VASH1–SVBP and VASH2–SVBP generate different detyrosination profiles on microtubules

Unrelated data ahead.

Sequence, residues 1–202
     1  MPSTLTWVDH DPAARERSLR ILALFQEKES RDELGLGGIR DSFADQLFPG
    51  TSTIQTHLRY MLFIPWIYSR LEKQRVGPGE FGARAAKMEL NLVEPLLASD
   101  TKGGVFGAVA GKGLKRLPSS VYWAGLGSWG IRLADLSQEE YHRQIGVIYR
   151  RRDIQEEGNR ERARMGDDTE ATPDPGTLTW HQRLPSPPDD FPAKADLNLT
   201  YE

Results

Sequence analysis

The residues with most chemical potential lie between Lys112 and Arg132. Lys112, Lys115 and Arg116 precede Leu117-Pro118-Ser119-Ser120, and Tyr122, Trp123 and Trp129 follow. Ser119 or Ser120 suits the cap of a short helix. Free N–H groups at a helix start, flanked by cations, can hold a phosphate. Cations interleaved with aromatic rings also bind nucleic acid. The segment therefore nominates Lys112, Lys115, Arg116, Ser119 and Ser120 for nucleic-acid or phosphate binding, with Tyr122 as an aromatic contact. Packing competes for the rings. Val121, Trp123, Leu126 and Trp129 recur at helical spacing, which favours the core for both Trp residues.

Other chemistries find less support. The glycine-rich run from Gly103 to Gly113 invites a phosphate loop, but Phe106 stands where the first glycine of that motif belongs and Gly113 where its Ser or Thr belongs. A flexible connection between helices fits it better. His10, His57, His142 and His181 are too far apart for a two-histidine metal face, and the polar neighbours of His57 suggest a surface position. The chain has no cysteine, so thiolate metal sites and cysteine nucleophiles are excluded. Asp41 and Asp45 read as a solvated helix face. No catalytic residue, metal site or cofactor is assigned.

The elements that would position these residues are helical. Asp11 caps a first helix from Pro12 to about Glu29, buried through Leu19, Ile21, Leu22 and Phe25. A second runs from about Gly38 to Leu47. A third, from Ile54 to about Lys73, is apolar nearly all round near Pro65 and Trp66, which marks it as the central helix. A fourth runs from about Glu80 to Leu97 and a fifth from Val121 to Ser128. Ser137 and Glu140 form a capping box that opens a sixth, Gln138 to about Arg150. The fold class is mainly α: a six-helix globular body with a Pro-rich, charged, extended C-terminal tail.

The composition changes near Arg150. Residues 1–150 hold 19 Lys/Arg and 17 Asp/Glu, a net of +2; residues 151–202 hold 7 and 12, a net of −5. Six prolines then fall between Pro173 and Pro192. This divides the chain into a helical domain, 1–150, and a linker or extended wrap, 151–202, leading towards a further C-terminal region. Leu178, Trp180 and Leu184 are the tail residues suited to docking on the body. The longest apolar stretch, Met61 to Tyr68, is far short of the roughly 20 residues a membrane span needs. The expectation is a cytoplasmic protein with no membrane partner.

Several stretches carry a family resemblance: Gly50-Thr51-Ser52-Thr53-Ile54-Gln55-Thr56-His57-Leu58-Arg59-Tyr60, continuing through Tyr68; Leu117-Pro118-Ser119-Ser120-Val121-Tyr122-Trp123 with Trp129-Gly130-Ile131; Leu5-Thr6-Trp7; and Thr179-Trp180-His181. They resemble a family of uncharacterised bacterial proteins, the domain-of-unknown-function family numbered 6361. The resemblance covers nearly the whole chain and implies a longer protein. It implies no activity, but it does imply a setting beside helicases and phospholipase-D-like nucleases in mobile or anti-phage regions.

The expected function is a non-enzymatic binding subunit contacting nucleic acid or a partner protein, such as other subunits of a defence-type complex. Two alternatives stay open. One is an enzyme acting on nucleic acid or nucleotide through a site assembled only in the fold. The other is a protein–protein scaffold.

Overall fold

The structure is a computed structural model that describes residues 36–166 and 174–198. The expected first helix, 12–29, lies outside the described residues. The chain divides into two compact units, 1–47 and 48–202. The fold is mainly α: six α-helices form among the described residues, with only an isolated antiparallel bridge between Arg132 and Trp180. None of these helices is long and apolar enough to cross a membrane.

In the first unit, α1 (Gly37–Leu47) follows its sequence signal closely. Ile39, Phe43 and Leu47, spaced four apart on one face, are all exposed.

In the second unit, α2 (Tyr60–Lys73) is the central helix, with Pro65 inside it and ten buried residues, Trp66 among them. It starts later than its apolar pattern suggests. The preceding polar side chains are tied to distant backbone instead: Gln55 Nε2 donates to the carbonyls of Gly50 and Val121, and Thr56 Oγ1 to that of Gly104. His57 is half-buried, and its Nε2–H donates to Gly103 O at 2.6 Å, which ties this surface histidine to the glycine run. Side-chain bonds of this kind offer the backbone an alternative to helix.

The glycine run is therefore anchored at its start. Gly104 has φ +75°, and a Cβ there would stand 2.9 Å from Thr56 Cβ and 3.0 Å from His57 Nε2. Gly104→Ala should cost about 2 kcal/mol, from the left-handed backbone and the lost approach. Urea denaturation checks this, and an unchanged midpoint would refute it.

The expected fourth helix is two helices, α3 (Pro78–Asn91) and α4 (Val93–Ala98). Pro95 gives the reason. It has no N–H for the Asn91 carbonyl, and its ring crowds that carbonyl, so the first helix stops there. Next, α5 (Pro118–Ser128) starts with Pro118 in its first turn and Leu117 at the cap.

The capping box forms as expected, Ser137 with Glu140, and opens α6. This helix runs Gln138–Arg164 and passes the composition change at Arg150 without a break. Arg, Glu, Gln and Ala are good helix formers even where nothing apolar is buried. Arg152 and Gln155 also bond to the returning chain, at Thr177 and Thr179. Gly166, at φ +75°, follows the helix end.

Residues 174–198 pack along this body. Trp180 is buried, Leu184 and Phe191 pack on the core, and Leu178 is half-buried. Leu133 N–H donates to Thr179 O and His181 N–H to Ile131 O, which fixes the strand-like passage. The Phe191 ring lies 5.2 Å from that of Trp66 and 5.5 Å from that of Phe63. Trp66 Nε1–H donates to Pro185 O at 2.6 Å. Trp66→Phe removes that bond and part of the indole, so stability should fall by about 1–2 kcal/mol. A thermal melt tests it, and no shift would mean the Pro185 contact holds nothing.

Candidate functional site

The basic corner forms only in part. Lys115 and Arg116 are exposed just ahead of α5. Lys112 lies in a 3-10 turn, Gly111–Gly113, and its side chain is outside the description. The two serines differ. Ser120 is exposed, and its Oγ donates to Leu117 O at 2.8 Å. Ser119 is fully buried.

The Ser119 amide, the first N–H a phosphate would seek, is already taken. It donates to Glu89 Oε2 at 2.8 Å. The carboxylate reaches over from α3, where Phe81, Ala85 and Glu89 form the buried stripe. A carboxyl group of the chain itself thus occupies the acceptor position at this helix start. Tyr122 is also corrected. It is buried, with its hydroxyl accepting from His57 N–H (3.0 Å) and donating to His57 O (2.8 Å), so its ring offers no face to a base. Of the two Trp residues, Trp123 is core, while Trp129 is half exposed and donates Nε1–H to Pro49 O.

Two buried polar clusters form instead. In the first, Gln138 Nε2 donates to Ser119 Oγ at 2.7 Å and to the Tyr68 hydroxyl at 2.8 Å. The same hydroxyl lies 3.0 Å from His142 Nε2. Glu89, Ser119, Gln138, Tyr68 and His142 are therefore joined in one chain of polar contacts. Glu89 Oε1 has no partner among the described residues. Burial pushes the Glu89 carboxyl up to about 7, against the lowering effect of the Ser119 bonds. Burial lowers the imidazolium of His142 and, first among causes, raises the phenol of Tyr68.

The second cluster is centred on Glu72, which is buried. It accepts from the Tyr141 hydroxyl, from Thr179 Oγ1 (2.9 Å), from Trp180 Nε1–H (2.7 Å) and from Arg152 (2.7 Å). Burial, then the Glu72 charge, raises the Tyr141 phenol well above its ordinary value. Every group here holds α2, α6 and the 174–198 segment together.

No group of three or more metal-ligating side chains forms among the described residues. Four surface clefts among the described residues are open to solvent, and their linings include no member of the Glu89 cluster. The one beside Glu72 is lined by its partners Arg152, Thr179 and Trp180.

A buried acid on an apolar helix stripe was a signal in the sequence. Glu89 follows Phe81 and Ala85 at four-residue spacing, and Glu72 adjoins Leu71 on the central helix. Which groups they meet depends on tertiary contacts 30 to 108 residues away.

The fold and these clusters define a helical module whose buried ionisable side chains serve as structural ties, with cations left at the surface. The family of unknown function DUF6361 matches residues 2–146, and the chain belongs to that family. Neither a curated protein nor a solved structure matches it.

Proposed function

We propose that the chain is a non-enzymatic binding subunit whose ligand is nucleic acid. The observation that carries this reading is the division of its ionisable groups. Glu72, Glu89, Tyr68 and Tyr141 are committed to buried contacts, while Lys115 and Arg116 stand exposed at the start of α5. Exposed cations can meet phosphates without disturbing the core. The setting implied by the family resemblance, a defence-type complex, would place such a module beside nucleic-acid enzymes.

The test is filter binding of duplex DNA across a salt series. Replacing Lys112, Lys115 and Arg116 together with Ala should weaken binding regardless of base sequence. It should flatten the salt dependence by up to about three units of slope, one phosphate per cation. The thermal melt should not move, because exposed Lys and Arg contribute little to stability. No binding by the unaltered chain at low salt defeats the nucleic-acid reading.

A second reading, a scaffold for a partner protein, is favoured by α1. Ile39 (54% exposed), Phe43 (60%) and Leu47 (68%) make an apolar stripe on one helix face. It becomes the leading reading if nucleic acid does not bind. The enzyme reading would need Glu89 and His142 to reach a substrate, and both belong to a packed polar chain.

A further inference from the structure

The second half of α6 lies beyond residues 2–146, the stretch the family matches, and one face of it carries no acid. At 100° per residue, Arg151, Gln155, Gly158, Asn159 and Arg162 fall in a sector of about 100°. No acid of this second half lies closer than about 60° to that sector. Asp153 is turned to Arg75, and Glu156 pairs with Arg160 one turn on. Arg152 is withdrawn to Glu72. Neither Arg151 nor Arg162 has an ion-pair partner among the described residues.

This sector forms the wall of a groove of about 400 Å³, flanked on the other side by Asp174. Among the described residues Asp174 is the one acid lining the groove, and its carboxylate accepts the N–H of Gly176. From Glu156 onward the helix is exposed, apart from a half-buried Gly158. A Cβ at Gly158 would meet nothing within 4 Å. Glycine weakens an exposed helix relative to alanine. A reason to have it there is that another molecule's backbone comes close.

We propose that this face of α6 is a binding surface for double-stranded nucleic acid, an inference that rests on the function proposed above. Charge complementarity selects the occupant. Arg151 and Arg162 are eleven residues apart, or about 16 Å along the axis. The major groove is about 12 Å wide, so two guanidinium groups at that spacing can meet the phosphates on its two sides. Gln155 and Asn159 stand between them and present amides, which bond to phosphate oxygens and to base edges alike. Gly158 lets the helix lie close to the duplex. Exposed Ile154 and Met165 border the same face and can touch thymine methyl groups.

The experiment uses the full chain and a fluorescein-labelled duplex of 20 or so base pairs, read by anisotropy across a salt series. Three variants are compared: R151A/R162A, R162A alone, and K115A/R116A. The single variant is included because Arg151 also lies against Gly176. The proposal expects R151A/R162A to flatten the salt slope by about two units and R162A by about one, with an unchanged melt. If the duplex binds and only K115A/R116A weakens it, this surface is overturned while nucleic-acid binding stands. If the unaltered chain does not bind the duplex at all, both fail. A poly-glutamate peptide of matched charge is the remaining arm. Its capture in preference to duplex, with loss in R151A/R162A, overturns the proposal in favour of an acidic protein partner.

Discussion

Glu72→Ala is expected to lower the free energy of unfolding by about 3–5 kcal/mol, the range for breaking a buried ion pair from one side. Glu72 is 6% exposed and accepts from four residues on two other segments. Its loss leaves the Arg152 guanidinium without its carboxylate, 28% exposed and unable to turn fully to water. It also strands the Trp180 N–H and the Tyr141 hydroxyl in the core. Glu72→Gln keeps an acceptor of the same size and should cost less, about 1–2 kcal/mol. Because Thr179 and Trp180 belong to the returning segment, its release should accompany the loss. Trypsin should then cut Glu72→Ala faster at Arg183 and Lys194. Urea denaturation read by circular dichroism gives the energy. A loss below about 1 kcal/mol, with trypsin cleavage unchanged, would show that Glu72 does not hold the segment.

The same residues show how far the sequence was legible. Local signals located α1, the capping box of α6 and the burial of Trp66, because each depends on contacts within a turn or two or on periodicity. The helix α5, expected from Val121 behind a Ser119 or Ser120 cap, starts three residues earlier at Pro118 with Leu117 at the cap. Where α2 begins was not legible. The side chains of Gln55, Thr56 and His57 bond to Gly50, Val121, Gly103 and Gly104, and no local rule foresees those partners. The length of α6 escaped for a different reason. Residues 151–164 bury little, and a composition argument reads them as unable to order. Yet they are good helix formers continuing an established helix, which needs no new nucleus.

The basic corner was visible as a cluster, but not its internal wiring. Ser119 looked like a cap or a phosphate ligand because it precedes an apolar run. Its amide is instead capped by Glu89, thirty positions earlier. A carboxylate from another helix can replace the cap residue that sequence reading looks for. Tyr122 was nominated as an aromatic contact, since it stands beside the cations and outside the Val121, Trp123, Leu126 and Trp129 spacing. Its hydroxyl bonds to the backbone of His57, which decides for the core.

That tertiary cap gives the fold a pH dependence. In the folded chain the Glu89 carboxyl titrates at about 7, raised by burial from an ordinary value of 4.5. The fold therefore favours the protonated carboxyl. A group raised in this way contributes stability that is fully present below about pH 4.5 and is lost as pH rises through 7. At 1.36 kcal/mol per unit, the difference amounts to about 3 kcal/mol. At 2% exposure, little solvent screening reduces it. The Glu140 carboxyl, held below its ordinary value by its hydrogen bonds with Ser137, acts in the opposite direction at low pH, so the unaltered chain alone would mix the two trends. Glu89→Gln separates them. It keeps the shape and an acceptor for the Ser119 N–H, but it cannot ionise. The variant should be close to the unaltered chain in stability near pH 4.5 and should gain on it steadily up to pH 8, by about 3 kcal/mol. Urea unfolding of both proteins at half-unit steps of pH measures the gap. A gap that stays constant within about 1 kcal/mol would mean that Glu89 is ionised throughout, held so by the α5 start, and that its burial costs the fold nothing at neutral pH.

The detyrosination/tyrosination cycle of α-tubulin is critical for proper cell functioning. VASH1–SVBP and VASH2–SVBP are ubiquitous enzymes involved in microtubule detyrosination, whose mode of action is little known. Here, we show in reconstituted systems and cells that VASH1–SVBP and VASH2–SVBP drive the global and local detyrosination of microtubules, respectively. We solved the cryo-electron microscopy structure of VASH2–SVBP bound to microtubules, revealing a different microtubule-binding configuration of its central catalytic region compared to VASH1–SVBP. We show that the divergent mode of detyrosination between the two enzymes is correlated with the microtubule-binding properties of their disordered N- and C-terminal regions. Specifically, the N-terminal region is responsible for a significantly longer residence time of VASH2–SVBP on microtubules compared to VASH1–SVBP. We suggest that this VASH region is critical for microtubule detachment and diffusion of VASH–SVBP enzymes on lattices. Our results suggest a mechanism by which VASH1–SVBP and VASH2–SVBP could generate distinct microtubule subpopulations and confined areas of detyrosinated lattices to drive various microtubule-based cellular functions.